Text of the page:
Italy has become the first Western nation to ban the advanced chatbot, ChatGPT. The Italian data protection authority expressed concerns about the model, which was developed by the US start-up OpenAI and is supported by Microsoft. The regulator stated that it would ban and probe OpenAI immediately.
ChatGPT has been used by millions of individuals since its inception in November 2022. It can respond to queries in natural, human-like language and mimic other writing styles, using the internet as it was in 2021 as its database.
Microsoft has invested billions of dollars on it, and it was recently added to Microsoft search engine, Bing. It has also stated that it will incorporate a form of the technology into its Office applications, which include Word, Excel, PowerPoint, and Outlook.
Concerns have been raised about the possible risks of artificial intelligence (AI), including job loss and the spread of misinformation and bias. Earlier this week, key figures in technology, including Elon Musk, called for the suspension of these types of AI systems, citing concerns that the race to create them was out of control.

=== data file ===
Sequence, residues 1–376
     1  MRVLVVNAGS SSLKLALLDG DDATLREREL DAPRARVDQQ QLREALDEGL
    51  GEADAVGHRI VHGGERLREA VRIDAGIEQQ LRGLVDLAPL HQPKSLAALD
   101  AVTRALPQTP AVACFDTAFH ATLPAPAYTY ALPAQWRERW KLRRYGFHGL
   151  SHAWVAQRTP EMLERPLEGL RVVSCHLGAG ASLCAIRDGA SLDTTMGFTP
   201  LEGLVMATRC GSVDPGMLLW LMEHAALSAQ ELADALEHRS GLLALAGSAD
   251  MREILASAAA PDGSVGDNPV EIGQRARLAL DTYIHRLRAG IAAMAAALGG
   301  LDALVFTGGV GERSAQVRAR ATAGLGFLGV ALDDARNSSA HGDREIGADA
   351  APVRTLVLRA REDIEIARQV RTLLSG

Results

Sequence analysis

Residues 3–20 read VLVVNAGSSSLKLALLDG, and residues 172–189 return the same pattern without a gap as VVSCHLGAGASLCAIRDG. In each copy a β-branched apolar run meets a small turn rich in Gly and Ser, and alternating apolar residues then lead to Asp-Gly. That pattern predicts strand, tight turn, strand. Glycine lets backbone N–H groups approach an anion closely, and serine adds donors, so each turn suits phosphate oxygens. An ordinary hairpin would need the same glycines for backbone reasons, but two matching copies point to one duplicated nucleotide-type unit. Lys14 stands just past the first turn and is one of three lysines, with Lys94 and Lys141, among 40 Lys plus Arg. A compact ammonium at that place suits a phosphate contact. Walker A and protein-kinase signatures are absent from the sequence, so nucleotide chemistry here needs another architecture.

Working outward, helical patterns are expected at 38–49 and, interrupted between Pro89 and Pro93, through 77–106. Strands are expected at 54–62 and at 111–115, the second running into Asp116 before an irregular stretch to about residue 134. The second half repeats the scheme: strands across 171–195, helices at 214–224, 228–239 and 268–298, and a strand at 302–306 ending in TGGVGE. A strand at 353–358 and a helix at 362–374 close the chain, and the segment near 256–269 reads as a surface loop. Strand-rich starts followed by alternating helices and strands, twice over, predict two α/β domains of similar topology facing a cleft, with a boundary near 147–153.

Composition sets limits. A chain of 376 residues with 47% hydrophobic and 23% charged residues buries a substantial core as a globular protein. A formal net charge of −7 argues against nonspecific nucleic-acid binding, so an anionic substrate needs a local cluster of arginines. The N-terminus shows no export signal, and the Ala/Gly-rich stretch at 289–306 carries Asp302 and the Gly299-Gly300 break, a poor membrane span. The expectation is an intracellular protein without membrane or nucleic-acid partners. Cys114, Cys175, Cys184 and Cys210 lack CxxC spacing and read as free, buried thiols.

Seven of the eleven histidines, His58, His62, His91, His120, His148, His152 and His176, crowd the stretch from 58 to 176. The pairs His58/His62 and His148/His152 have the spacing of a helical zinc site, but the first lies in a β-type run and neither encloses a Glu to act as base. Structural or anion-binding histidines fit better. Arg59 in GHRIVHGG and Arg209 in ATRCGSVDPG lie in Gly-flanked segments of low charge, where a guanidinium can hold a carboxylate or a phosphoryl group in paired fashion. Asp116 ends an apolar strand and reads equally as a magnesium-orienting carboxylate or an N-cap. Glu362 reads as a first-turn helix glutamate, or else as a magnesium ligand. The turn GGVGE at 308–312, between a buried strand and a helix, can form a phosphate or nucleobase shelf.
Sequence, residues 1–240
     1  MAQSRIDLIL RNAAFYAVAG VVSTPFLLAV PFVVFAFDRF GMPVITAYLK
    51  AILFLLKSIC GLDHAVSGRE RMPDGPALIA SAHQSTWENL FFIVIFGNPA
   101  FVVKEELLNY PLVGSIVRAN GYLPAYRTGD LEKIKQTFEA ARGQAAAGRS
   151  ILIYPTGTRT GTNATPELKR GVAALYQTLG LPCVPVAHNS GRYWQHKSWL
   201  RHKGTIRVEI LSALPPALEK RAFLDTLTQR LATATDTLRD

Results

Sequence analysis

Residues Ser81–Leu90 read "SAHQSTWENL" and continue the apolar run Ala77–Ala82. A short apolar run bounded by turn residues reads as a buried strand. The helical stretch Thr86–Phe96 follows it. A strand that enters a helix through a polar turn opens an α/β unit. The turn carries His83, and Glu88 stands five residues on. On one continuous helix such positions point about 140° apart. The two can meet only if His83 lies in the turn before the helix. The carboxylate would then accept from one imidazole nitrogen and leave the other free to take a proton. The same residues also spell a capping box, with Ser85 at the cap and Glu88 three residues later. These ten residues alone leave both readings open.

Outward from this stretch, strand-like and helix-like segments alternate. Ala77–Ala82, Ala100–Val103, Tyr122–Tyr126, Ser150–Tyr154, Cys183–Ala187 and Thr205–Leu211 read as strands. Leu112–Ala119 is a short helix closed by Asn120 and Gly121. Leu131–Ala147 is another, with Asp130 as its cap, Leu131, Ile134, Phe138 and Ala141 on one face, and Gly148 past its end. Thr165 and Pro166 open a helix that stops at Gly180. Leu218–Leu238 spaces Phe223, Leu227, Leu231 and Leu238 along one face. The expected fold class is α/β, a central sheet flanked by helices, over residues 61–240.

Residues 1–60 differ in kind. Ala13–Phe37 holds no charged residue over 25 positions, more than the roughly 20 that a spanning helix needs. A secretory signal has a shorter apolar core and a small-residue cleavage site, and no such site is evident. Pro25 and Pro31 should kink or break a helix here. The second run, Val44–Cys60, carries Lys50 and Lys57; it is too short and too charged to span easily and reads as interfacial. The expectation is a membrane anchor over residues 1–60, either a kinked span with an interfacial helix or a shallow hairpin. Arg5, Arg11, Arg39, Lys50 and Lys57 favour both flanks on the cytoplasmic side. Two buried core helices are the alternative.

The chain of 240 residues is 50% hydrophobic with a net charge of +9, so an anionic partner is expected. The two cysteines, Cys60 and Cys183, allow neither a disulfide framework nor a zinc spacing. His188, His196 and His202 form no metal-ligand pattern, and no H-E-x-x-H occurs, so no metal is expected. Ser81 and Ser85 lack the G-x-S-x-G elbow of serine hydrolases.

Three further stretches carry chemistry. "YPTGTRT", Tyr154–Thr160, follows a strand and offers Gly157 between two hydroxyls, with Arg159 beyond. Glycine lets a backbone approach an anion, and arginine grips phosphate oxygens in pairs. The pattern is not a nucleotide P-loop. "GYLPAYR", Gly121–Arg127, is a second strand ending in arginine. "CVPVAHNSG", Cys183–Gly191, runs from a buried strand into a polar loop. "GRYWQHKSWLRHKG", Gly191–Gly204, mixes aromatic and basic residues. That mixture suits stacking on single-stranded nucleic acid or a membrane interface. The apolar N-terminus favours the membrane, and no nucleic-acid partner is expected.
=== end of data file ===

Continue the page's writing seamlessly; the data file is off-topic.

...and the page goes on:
The Italian data protection authority stated that it would not only block OpenAI’s chatbot, but would also examine whether it complied with the General Data Protection Regulation. GDPR governs how we can use, process, and keep personal data.
On March 20, the Italian watchdog announced that the app had suffered a data breach involving user conversations and payment details.
It stated that there was no legal foundation for “mass collection and storage of personal data for the purpose of ‘training’ the algorithms underlying the platform’s operation.”
It also claimed that because there was no way to verify users’ ages, the app “exposes minors to absolutely inappropriate answers compared to their level of development and awareness.” Because of the same concerns, Google’s rival artificial-intelligence chatbot, Bard, is now accessible, but only to specific users over the age of 18.
The Italian data-protection authority said OpenAI had 20 days to respond to the watchdog’s concerns or face a fine of €20 million ($21.7 million) or up to 4% of yearly revenues.
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